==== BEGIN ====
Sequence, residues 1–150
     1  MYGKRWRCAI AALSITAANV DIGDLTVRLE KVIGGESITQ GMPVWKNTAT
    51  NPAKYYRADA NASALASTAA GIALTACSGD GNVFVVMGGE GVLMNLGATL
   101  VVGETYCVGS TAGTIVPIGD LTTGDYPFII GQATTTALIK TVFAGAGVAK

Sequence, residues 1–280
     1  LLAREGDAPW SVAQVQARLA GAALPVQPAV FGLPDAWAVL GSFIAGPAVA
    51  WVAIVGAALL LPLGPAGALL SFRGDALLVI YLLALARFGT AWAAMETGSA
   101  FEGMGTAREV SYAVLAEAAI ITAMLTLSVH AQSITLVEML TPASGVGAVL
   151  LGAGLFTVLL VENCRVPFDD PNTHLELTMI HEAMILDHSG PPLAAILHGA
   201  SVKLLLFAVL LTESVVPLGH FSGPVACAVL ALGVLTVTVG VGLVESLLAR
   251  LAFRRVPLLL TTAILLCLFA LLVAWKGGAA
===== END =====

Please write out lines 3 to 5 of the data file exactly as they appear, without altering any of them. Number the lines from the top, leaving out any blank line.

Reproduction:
    51  NPAKYYRADA NASALASTAA GIALTACSGD GNVFVVMGGE GVLMNLGATL
   101  VVGETYCVGS TAGTIVPIGD LTTGDYPFII GQATTTALIK TVFAGAGVAK

Sequence, residues 1–280